56 million years ago, a pulse of CO2 in the atmosphere sent temperatures soaring. In the oceans, carbonate sediments dissolved; some organisms went extinct and others evolved. Acidification caused the crisis, similar to today, as human made CO2 combines with seawater.
Now, for the first time, scientists have quantified the extent of surface acidification from those ancient days, and the news is not good: the oceans are on track to acidify at least as much as they did then, only at a much faster rate. In a study published in the latest issue of Paleoceanography, the scientists estimate that ocean acidity increased by about 100 percent in a few thousand years or more, and stayed that way for the next 70,000 years.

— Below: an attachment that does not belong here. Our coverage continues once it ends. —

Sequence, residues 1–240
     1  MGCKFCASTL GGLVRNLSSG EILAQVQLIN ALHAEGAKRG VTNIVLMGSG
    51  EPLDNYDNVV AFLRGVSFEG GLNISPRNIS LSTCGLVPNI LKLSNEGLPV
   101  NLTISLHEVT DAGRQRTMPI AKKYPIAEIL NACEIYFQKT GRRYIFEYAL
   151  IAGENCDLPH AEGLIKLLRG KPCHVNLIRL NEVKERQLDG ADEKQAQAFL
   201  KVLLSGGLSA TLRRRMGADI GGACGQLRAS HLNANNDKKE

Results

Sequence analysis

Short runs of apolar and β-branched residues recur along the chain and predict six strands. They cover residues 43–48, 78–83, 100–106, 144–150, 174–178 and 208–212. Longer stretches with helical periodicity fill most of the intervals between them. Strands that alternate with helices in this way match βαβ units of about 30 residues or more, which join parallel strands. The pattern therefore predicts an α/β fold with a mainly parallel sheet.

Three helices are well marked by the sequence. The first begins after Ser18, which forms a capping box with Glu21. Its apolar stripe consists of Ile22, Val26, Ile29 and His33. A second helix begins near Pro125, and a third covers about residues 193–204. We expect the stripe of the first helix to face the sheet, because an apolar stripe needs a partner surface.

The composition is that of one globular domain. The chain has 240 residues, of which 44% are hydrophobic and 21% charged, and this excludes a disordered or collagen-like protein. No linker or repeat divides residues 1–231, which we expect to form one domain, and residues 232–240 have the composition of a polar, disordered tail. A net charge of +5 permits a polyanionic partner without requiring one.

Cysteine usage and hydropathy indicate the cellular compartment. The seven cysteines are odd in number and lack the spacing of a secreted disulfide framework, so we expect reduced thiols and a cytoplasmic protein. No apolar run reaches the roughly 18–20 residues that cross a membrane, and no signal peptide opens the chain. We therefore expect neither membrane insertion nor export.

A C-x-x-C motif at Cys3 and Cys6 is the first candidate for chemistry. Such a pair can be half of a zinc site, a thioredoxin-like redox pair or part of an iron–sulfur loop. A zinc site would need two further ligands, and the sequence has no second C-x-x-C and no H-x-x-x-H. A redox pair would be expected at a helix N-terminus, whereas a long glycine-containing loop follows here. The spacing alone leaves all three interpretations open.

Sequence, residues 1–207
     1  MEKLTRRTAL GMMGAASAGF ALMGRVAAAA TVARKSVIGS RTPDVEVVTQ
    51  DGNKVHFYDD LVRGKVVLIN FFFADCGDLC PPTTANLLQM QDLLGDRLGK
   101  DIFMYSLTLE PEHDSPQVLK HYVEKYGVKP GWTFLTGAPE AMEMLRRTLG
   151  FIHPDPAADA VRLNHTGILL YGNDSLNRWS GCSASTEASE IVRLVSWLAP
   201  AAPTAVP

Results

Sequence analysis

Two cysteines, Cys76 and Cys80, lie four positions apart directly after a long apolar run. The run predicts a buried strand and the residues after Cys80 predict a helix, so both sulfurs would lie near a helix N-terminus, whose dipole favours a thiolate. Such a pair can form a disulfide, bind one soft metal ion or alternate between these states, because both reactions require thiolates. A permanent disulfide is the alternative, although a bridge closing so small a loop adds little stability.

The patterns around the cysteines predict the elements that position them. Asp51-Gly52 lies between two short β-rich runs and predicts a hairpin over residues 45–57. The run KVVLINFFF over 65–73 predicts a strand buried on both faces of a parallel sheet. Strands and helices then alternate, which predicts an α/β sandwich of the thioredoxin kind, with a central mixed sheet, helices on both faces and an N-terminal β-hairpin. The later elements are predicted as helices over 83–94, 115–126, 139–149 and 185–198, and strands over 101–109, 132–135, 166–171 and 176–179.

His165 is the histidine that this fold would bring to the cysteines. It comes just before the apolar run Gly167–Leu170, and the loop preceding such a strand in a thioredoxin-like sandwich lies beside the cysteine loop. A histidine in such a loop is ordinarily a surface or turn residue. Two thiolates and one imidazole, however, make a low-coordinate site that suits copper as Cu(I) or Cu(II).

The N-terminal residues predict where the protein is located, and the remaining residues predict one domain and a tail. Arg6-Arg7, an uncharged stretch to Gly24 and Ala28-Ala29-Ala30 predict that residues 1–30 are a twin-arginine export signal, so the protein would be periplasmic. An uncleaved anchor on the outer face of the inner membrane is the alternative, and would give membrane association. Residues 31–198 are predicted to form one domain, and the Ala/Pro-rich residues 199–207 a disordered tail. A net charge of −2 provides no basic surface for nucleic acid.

In this radically changed environment, some creatures died out while others adapted and evolved. The study is the first to use the chemical composition of fossils to reconstruct surface ocean acidity at the Paleocene-Eocene Thermal Maximum (PETM), a period of intense warming on land and throughout the oceans due to high CO2.